Dr. Frances Farthing

Dr. Frances Farthing

by

Sara Cook

 

                Watauga County has produced many people who have contributed to North Carolina’s customs and society.  Dr. Frances Farthing belong those ranks.  Her contributions to nursing education have improved the quality of nursing schools throughout western North Carolina and Virginia.  The many years of service Dr. Farthing spent have also earned recognition from her peers and most recently from Appalachian State University.  Truly, Dr. Farthing is a remarkable individual.

 

                Frances Marian Farthing, daughter of Benjamin Walter and Dixie Glenn Farthing, was born November 27, 1911 at the home of J.L. Glenn in Valle Crucis.  She spent most of her childhood at her family’s farm on Beech Mountain at Heaton, North Carolina.  The farm originally belonged to her great grandfather, Benjamin Greer.  In 1920, the Farthing family moved to Valle Crucis.  Frances graduated high school in 1928 at Cove Creek and earned her Bachelor of Science degree in Elementary Education from Appalachian State Teachers College in 1935.  From ASTC, she travelled to Cornell University’s New York Hospital School of Nursing, where she earned a Bachelor’s degree in Nursing.

 

                Farthing returned to North Carolina to head the newly-formed Cabarrus-County Hospital School of Nursing in Concord.  She worked there nine years.  In 1954, Farthing moved to Johnson Memorial Hospital in Abingdon, Virginia, to head their School of Nursing and also serve as the Director of Nursing.  She served in this position until 1960.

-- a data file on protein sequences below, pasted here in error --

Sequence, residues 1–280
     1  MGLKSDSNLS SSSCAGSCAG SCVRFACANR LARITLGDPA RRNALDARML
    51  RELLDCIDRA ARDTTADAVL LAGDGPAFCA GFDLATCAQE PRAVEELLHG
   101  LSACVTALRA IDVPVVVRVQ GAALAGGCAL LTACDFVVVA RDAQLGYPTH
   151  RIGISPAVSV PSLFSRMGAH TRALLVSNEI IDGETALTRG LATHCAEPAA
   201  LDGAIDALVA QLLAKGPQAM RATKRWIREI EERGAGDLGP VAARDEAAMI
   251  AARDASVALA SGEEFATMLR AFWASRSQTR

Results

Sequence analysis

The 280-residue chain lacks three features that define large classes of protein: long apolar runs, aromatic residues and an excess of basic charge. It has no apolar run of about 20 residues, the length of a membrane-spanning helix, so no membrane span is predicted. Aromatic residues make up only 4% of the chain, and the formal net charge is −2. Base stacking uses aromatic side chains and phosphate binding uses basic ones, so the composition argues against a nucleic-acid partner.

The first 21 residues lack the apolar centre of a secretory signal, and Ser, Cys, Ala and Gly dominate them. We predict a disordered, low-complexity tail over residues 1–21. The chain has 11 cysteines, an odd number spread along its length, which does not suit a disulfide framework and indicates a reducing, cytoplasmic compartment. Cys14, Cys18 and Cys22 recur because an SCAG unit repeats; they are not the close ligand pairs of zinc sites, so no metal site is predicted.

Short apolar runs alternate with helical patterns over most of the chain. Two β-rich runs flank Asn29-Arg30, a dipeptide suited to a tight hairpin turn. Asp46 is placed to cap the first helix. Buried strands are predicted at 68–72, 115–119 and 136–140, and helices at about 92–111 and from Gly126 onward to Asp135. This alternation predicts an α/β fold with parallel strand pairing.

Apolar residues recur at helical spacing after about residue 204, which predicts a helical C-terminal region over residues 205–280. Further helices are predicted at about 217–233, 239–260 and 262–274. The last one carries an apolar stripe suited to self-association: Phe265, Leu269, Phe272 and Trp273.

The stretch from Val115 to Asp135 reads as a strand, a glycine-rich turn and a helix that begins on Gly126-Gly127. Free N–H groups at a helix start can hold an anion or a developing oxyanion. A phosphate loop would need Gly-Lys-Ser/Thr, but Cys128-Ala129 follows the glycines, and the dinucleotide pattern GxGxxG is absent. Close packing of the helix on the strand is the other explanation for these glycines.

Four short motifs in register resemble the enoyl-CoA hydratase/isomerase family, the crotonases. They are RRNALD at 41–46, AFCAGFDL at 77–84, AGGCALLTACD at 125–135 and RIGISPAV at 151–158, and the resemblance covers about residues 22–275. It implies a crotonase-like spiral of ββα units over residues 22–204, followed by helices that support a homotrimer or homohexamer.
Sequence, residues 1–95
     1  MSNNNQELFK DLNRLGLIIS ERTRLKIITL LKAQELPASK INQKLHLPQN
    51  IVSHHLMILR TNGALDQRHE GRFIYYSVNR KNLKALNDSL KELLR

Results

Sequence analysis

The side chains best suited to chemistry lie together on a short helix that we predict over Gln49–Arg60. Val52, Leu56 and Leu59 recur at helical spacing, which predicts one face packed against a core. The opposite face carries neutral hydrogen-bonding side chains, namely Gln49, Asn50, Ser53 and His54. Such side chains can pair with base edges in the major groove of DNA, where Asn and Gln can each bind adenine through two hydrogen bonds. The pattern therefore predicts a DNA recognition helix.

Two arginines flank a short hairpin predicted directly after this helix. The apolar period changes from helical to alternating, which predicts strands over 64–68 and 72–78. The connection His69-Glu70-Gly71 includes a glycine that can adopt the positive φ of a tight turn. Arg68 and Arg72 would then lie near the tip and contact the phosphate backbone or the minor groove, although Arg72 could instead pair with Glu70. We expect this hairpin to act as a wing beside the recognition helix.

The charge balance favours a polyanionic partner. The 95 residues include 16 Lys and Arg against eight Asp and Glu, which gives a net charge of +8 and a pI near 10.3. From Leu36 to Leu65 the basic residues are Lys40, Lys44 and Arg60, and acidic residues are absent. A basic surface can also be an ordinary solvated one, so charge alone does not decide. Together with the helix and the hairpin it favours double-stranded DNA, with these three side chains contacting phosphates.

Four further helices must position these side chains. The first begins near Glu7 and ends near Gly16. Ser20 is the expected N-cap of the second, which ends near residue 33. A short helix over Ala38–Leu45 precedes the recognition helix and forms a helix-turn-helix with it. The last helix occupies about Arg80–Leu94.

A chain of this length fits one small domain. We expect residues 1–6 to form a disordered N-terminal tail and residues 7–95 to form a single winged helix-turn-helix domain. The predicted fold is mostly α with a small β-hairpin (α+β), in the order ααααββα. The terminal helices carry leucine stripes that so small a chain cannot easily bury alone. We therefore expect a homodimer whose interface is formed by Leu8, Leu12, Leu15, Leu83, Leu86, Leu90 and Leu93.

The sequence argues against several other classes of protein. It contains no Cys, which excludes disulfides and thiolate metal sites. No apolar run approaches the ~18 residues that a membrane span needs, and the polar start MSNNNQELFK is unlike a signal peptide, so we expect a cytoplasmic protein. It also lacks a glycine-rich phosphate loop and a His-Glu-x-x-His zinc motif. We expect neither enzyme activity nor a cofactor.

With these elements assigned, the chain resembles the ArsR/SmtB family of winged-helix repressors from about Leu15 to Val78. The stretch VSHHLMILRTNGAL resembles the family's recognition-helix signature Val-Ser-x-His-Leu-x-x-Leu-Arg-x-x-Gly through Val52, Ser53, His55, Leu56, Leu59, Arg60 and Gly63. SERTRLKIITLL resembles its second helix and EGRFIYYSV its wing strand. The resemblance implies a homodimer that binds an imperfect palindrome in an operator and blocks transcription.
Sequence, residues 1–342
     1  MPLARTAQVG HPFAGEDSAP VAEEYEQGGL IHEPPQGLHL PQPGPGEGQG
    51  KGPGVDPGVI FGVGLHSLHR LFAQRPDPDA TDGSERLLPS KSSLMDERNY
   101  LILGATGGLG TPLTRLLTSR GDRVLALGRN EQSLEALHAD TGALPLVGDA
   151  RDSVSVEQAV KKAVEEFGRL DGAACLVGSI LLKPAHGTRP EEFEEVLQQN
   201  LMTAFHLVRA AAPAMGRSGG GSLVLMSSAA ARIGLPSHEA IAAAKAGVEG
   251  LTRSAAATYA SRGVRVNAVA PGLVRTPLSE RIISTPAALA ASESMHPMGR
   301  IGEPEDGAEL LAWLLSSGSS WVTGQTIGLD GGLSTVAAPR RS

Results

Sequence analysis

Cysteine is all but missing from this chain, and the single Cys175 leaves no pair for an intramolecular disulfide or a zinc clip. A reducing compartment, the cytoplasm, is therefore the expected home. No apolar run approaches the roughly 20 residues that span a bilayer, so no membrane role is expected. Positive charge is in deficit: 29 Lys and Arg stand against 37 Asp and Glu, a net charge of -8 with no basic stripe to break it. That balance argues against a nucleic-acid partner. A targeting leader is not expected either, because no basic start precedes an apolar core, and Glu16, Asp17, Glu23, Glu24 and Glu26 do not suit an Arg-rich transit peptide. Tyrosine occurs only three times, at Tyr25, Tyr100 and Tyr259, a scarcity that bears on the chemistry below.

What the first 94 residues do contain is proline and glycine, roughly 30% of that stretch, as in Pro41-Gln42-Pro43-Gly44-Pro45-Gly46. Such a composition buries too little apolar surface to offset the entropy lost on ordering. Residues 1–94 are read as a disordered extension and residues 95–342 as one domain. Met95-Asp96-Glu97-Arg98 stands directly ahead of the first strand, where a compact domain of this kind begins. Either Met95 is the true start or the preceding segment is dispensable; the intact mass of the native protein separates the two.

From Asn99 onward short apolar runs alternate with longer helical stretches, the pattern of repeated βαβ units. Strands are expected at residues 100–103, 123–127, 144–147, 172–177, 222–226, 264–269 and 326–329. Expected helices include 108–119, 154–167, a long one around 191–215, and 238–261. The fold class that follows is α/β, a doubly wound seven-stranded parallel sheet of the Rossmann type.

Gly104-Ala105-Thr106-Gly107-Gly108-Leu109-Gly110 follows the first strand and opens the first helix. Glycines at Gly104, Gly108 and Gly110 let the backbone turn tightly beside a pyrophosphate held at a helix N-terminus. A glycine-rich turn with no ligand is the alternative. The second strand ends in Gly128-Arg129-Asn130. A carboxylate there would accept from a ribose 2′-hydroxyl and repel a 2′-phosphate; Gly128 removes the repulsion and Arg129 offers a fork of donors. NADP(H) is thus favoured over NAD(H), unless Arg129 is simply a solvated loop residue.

Farthing returned to Appalachian in 1960 to begin work on a Master’s degree in Counseling and Guidance, which she earned in 1962.  Her education was completed in 1968 with the awarding of a Doctoral degree in Organization and Administration of Higher Education from Florida State University.  Farthing was the first nurse to receive that degree in the history of FSU.

 

                Farthing then worked at Grace Hospital in Morganton, North Carolina, in conjunction with Lenoir-Rhyne College’s School of Nursing.  In this program, Farthing was instrumental in recruiting western North Carolina students into the School of Nursing.  When she returned in 1978, Farthing’s nursing program was one of the most successful in the state.  Ten percent of Lenoir-Rhyne’s nursing graduates would go on to earn a Master’s degree in nursing.

 

                Many honors have been awarded Frances Farthing during her nursing career.  She served for three years on the State Nursing Board, was inducted in to Delta Kappa Gamma, the national nursing society, and belonged to the American Association of University Women.  In October, 1985, she received the Appalachian State University’s Distinguished Alumni Award.  Dr. Farthing also is a member of the Watauga County Historical Society and also Valle Crucis United Methodist Church.  At present, Dr. Farthing winters in Lake Dova, Florida, and works on her family homeplace on the Watauga River in the summer.  Watauga County has every right to be proud of Dr. Farthing and her achievements.